Another player that Harden reminds me of is 2004 NBA Finals MVP Chauncey Billups. He and Harden are both bigger than the average point guard (6’3″ 210 & 6’5″ 215 respectively) with the ability to post up and get easy buckets on the block, but also carry the responsibility to spread the ball around and decipher which teammate’s hot hand to ride.

Billups was the maestro for those Detroit Pistons teams that won an NBA title, was 48 minutes from a repeat, and played in six consecutive Eastern Conference Finals. “Mr. Big Shot” was Detroits best offensive player while making sure fellow All-Stars Rip Hamilton and Rasheed Wallace’s offensive talents were maximized.

The success of Harden’s team may give him the votes needed to win the MVP over his good friend Westbrook. But, I wouldn’t be mad if this one time the voters coped-out and split the award between them.

NBA Needs to Drastically Crack Down on “Resting”

I guess the Warriors schedule is too hard for a professional athlete. Photo Credit: NBA.COM

When the 2016-2017 NBA schedule was released and the schedule makers blessed us with a March 11th game where the San Antonio Spurs would host the Golden State Warriors in a late season push for the number one seed, it was expected to be the most interesting and viewed regular season meeting this side of each of the Kevin Durant versus Russell Westbrook and the Oklahoma City Thunder meetings. Especially after the 29-point manhandling the Spurs put on the defending Western Conference Champions on opening night with their new Big Four.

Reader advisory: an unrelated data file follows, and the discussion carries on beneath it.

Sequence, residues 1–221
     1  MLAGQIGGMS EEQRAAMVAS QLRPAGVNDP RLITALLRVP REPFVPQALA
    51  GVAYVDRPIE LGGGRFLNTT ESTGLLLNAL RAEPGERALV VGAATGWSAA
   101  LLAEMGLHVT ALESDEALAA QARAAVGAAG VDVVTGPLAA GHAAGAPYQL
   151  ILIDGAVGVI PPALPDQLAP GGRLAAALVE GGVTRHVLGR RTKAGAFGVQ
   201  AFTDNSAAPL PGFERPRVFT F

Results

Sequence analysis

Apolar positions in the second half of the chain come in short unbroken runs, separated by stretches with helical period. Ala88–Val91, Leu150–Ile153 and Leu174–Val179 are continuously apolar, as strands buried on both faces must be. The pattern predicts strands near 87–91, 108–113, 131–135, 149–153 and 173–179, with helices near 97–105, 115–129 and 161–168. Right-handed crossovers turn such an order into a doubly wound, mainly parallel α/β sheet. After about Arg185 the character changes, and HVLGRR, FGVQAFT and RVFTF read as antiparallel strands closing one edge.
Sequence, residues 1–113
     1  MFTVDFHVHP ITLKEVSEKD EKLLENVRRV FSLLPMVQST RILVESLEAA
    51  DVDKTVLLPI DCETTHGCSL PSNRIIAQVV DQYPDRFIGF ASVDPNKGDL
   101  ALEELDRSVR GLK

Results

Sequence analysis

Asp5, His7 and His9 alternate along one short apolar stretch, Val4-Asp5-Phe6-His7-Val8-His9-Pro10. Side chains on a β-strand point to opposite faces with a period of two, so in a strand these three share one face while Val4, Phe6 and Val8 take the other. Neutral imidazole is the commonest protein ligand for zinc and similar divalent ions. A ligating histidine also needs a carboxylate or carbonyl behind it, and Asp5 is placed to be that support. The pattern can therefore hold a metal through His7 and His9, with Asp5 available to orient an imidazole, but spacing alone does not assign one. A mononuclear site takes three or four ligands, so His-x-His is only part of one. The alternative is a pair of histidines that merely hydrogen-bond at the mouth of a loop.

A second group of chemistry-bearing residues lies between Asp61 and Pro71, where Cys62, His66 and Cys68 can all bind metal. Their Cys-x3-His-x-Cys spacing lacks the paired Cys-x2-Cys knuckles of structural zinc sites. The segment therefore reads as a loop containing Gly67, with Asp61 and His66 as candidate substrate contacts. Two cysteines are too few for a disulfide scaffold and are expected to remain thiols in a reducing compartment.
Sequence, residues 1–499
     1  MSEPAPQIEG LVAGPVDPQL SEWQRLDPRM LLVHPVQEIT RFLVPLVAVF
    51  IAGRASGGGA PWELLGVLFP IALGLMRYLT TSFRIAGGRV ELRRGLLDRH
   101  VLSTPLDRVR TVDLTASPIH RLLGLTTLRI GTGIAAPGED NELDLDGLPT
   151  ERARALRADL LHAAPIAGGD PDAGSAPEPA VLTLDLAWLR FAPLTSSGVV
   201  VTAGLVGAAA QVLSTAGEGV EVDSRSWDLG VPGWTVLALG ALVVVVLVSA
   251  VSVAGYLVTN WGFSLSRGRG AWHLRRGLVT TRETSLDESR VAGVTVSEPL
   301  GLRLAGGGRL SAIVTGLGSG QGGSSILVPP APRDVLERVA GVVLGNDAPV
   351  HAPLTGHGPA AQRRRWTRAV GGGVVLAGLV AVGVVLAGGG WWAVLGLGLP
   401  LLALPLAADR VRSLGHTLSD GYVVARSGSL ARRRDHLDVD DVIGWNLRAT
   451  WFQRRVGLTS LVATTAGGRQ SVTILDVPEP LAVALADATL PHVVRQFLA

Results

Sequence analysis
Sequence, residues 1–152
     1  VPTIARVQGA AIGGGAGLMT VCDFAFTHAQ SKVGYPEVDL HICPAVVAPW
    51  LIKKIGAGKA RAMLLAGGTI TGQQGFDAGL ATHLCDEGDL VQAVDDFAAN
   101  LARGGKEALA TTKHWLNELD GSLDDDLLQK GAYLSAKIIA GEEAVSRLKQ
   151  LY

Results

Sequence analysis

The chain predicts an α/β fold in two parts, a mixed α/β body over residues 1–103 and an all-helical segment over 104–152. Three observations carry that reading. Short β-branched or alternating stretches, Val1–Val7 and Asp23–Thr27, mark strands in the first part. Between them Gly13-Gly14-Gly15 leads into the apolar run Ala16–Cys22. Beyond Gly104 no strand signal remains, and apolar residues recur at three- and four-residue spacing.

A potential preview of the 2017 Western Conference Finals was ruined when Warriors coach Steve Kerr decided to “rest” the healthy Steph Curry, Klay Thompson, Draymond Green and Andre Iguodala, with Kevin Durant already out with a Grade 2 MCL injury in his left knee, because Golden State was on the second night of back-to-back games and having played ten games in the last seventeen days (February 23rd to March 11th). Seven of those were on the road, and the last four of that streak in five days.

Add to that that Kawhi Leonard (concussion protocol) and LaMarcus Aldridge (minor heart arrhythmia) also missed the game killed any excitement the league was building by having these two juggernauts face off in primetime in the first season of their highly promoted venture with ABC/ESPN to broadcast the most compelling games of the week on Saturday nights.

Instead we got an unwatchable game that was a 20-point blowout at halftime, with a final score of 107-85 San Antonio, while the Warriors trotted out a bunch of dudes you wouldn’t watch play pick-up at the playground if you just happened to be walking by.

This was clearly Kerr’s attempt to throw up a middle finger at the Association and its schedule makers. He could have easily looked ahead and staggered resting his top guys earlier in the streak when they played inferior teams like the Brooklyn Nets and Philadelphia 76ers, with an eye on a big finish to end the 10-game span at full strength against the Spurs. Instead he basically said “F*** You” to anyone who cared about the game.